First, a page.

The long-awaited climax to AMC’s Mad Men (‘Person to Person’) left viewers, thankfully, with more answers than questions, bucking the trend of many modern dramas’ attempts to puzzle an audience into gleeful submission. Was the show all an elaborate coma fantasy while Dick Whitman was in a Korean War-induced purgatory? No. Was Don Draper the real identity of infamous heistman, D.B Cooper? No. Would Lois ride that accursed lawnmower into the sunset, straddled by Pete and Peggy’s secret love child and Bert Cooper’s backing dancers? No.
Mad Men has consistently avoided the use of dramatic plot twists and cliché-induced cliff-hangers, in favour of the constant slow-burn of character development and a window into both the mainstream and counter cultures of the 1960s; a slow-motion approach to the modern drama. But the necessity of presenting the immediate and long-term futures for a range of significant characters in the finale led to a more direct approach than is the Mad Men norm. Show-runner Matthew Weiner gave us the headlines and the small print in attempting to tie up the many frayed loose ends of Sterling, Cooper, Draper, Pryce, Putnam, Powell & Lowe’s remnant parts.
Perhaps unavoidably, little is left to the imagination in the approaching futures of Betty, Roger, Pete, and Joan, with Weiner offering a simplified vision of their worlds with an uncharacteristic montage moment.
Perhaps the most direct example of plot simplification is the blink-and-you’ll-miss-it shift in Peggy and Stan’s relationship, going from platonic work buds to full-throttle life partners in mere seconds. Almost clunky and schmaltzy (almost), the support that plucky Peggy has been built up over the years allows us to root for her one more time, and thus for the relationship. We’ve seen her douchey boyfriends and douchier hook-ups, and if cliché-induced sentimentality is required to ultimately satisfy Peggy, then that’s just what it will have to be. Go Steggy, go.
And so to Don Draper, the show’s broken, alluring, train-wreck of a central protagonist. As ever, the final episode largely centred on Don’s innumerable weaknesses and longing to both find and preserve the happiness that has been so elusive in his life and relationships.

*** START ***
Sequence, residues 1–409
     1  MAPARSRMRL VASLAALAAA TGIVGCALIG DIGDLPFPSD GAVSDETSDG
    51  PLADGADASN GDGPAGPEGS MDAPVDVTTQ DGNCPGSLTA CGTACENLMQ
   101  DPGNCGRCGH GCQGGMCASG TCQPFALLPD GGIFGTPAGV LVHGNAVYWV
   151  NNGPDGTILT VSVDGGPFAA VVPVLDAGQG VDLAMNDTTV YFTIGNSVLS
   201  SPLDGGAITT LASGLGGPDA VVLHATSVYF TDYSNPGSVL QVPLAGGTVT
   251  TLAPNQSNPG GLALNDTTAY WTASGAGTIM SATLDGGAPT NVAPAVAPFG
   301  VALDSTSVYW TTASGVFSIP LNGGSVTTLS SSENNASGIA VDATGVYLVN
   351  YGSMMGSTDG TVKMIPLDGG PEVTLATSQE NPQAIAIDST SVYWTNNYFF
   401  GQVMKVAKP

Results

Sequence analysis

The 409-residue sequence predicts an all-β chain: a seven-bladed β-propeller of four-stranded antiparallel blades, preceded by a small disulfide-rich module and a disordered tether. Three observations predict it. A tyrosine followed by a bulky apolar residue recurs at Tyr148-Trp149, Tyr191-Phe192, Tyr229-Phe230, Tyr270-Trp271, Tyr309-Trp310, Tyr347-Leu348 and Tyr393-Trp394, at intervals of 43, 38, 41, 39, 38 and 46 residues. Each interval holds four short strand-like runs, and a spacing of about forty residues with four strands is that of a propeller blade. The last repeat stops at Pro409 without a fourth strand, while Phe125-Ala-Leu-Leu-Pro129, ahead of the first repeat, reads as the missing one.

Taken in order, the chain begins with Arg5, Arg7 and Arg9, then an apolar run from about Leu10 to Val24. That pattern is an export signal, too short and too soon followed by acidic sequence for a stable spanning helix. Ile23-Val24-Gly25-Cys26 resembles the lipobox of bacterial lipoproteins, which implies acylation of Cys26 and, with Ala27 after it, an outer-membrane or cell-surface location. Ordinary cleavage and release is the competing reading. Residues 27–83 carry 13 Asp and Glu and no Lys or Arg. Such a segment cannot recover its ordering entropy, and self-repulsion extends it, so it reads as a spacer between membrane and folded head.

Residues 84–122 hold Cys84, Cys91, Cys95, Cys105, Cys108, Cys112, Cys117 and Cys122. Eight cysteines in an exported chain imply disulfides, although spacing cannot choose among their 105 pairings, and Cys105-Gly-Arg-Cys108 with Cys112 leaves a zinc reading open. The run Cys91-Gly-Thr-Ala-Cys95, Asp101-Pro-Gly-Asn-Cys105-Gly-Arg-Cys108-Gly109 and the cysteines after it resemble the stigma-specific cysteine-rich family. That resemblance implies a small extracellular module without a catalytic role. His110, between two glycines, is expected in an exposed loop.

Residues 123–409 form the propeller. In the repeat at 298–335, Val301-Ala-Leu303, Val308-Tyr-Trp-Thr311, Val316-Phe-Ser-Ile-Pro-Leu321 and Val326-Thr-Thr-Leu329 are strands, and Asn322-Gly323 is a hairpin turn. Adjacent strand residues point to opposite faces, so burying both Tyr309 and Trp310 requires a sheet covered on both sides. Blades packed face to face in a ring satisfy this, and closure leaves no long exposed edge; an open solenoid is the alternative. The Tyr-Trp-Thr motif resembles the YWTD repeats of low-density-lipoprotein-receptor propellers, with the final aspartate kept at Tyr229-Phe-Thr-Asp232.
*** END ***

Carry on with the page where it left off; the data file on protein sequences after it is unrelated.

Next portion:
Don’s final scenes with, arguably, the two most important women in his life illustrate the predominant factors within his closest relationships, each on the other end of a phone. While Betty and Don’s interaction portrays the intangible intimacy of their literal and figurative separation (with the unspoken emotional distance to rival the five thousand miles of telephone wire between them), Peggy is able to provide the maternal, unconditional love and support that Don has craved since childhood.
Throughout the episode, as was increasingly portrayed throughout the seven seasons, we see Don’s despair and shame take centre stage, a million miles from the confident, articulate ad-man we were introduced to in Season One. The story of Don Draper, as captured in Mad Men’s credit sequence, has been the story of a man falling in slow motion. As we reach the end we find a breakthrough of sorts, with Don reaching out to Leonard (the World’s Most Boring Man) in an attempt to understand the source of his own unhappiness and reclaim whatever there is of his patchwork identity.
For a fleeting moment it seemed as though Don Draper had finally shed his despair and dysfunction, and found the spiritual fulfilment he had been searching for throughout these seven seasons. What he found instead was Coca Cola, with its most iconic advertising campaign and famous imitation of happiness.
Leaving enough questions answered and ‘a-ha!’ moments to prevent general ambiguity and fandom controversy, the finale of Mad Men was satisfyingly, refreshingly, the real thing. Despite the characters’ overwhelming flaws and frustrating missteps, they will be missed (except for Pete, for obvious reasons).
Rhiannon Parkinson